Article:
According to The Complementary Roles of the School Nurse and School Based Health Centers from the National Association of School Nurses, having a school-based health center improves students' access to healthcare services, but the center does not necessarily take the place of a school nurse. School nurses are employed by the school district and serve all students. School-based health centers, on the other hand, are usually run by a community health center and students must enroll in the clinic to receive services. Collaboration between school nurses and health professionals at the SBHC is important for improving the well-being and education of rural students.

For information on how to start a school-based health center, HRSA's School-Based Health Center Capital Program Technical Assistance website has information regarding how to apply. The School-Based Health Alliance offers Sustainability Tools to help SBHCs build a stable foundation to ensure long-term viability.

What programs are available to provide children with healthy and affordable meals?

There are several programs available through USDA's Food and Nutrition Service which provide nutritious meals and snacks to students including:

What are strategies that rural schools can use to increase the nutritional value of foods served to their students?

USDA's Tools for Schools provides subject-specific resource materials to help schools meet federal nutrition and compliance standards, such as nutrition education curricula and literature as well as food buying guides. Tools for Schools also offers information on obtaining local foods, enhancing school lunches, school wellness policy, and regulatory requirements.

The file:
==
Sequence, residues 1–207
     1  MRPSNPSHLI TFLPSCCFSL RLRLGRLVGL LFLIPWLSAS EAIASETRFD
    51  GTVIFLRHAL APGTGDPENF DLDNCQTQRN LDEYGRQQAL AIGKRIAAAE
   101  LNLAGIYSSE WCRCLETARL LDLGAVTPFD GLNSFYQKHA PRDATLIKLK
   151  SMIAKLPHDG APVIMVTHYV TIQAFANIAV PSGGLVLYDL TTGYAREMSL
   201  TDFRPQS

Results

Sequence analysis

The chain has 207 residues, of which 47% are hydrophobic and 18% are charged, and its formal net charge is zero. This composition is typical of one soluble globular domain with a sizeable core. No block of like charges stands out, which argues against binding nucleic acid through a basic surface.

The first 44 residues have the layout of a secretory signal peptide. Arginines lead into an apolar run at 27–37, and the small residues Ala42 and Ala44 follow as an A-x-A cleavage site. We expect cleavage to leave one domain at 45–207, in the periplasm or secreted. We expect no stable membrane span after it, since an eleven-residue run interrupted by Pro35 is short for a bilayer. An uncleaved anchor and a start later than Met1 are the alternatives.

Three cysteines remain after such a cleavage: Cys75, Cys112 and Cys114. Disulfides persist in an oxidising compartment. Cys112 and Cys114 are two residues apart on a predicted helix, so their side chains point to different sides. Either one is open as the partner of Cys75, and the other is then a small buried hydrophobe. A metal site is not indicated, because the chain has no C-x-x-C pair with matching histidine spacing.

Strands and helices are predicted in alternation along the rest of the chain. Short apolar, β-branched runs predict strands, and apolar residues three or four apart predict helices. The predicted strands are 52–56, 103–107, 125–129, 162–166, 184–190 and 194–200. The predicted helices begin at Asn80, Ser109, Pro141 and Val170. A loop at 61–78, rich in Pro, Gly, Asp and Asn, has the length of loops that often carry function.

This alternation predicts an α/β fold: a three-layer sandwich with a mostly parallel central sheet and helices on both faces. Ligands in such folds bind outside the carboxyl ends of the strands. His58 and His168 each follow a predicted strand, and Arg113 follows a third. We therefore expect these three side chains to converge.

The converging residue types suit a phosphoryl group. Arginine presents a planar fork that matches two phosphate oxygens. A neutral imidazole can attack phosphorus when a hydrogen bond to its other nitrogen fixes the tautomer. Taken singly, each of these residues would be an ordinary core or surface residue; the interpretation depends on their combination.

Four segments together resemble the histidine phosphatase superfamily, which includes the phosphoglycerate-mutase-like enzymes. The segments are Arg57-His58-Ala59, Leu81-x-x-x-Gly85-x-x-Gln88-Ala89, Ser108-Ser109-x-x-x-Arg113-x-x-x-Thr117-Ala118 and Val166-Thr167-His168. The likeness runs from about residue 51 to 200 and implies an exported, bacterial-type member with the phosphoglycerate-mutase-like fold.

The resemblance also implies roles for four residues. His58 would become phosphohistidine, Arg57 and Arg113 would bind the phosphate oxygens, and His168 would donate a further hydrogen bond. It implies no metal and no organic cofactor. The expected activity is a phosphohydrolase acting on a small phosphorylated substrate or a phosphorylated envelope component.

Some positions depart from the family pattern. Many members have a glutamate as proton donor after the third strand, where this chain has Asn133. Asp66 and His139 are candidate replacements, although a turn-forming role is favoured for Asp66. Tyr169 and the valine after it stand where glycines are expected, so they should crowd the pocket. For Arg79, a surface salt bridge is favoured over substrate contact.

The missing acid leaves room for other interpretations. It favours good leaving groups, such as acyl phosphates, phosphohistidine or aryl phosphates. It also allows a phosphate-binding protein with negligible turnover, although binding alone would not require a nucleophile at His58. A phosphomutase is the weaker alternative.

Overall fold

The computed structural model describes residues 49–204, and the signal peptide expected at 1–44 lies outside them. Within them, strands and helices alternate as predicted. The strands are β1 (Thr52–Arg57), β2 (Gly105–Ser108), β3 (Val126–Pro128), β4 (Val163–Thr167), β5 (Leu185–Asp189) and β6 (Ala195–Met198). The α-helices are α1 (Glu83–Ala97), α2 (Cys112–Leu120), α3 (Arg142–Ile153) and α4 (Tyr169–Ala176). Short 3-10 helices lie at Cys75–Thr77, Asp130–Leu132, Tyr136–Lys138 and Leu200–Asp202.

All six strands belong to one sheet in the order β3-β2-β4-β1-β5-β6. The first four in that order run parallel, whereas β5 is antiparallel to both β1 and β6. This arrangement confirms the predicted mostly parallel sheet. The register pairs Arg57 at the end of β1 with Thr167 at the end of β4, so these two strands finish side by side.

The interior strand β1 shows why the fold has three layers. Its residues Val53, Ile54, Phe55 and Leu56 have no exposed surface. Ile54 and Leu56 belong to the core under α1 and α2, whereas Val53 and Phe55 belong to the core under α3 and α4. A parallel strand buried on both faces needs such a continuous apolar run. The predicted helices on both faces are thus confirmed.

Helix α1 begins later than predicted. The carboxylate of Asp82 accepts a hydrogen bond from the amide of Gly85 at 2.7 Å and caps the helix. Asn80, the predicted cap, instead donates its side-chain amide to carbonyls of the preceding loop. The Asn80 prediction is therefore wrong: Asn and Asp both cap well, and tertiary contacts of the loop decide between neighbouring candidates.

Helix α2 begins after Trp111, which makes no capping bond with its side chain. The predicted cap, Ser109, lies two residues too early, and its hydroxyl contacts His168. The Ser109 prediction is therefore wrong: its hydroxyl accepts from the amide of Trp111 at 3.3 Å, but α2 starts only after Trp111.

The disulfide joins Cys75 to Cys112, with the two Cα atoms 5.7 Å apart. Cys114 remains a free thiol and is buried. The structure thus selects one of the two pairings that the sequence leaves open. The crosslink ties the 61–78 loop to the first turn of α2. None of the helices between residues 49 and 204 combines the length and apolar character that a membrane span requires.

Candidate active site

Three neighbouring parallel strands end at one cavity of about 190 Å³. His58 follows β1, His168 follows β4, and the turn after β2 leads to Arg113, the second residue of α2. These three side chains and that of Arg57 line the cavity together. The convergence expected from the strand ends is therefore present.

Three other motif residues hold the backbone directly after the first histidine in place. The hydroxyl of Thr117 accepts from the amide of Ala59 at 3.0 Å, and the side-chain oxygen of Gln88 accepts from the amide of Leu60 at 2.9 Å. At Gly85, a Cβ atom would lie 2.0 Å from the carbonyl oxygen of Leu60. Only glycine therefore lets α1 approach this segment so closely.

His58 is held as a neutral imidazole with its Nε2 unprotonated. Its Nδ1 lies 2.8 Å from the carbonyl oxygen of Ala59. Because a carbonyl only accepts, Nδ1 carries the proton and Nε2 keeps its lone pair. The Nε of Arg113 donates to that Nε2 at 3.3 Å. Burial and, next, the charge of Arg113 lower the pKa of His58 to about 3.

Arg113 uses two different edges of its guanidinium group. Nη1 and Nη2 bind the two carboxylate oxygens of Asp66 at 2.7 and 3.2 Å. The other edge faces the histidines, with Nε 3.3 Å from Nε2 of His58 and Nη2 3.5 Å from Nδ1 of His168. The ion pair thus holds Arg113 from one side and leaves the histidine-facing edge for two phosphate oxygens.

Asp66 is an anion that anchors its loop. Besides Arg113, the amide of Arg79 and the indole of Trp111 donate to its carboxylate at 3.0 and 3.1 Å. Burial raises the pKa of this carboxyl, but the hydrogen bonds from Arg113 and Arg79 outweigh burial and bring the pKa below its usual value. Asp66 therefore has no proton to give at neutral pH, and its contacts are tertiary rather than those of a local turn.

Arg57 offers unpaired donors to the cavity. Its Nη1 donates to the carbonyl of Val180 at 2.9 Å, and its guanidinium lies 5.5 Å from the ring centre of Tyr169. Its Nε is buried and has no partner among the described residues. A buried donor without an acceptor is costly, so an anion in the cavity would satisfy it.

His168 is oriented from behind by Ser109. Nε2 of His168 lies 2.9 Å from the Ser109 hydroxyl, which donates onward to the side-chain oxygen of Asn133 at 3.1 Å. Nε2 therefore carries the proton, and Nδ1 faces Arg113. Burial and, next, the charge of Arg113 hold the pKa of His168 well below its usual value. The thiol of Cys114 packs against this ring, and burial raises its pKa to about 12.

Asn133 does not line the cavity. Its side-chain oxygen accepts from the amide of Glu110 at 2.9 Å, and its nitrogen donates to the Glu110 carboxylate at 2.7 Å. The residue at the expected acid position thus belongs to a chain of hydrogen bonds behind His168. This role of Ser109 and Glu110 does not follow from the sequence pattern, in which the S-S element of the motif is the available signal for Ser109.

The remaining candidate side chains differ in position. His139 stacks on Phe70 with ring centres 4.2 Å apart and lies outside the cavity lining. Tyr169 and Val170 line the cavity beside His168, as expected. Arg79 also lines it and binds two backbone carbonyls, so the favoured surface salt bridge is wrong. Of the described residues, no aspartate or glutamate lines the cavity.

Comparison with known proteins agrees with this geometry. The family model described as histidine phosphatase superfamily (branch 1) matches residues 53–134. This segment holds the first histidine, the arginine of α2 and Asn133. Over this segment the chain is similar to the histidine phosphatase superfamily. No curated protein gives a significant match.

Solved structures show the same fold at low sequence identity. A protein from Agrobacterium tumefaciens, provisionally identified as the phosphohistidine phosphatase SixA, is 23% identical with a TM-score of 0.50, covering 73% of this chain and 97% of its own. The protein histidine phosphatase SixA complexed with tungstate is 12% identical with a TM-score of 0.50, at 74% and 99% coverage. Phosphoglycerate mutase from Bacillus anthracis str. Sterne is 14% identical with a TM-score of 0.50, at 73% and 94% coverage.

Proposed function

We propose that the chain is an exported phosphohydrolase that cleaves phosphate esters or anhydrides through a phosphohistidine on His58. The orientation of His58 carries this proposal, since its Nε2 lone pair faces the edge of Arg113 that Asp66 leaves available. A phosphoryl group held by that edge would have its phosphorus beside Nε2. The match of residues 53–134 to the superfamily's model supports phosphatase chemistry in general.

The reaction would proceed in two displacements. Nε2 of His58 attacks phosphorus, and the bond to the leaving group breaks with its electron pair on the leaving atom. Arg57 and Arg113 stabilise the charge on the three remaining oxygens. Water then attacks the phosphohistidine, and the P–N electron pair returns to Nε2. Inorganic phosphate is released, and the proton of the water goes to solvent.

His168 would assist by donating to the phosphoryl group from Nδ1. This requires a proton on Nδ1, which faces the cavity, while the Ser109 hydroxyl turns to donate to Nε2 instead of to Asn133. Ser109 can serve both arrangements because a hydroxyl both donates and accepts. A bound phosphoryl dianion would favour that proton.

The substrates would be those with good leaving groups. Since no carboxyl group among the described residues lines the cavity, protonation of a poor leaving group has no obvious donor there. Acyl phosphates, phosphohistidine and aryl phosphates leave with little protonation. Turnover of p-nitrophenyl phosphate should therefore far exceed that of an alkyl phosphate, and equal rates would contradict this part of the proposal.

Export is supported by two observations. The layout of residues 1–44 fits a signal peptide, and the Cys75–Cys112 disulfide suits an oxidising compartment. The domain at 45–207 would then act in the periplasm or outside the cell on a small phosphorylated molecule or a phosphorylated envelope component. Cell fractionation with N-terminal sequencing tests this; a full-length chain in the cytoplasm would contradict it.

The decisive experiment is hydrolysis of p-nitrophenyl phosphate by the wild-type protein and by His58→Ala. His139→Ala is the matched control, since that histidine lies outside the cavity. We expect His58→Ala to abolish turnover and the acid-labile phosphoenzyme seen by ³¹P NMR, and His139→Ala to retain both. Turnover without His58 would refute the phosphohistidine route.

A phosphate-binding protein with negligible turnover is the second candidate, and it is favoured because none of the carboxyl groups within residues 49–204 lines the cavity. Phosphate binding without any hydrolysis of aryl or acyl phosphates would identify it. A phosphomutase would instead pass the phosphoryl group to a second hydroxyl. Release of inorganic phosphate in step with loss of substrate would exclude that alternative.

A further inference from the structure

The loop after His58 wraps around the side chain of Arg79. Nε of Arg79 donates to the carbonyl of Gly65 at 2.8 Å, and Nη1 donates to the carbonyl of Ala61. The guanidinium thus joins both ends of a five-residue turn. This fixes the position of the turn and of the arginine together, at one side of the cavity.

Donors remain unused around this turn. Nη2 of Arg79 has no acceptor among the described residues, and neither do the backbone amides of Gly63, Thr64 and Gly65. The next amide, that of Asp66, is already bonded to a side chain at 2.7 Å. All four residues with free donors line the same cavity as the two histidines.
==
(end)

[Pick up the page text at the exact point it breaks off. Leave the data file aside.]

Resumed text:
The National Farm to School Network is a movement to bring more local food into schools and to teach children about where their food comes from. The network encourages schools to purchase, prepare, and serve locally-grown items. The program also supports bringing students to local farms to teach children about the importance of nutritious food and local farming.

If school land is available, planting school gardens provides an opportunity for students to be involved in growing different types of fruit and vegetables as well as learning where their food comes from. School gardens are an excellent source of nutritious items for food service staff to prepare for students and school staff members.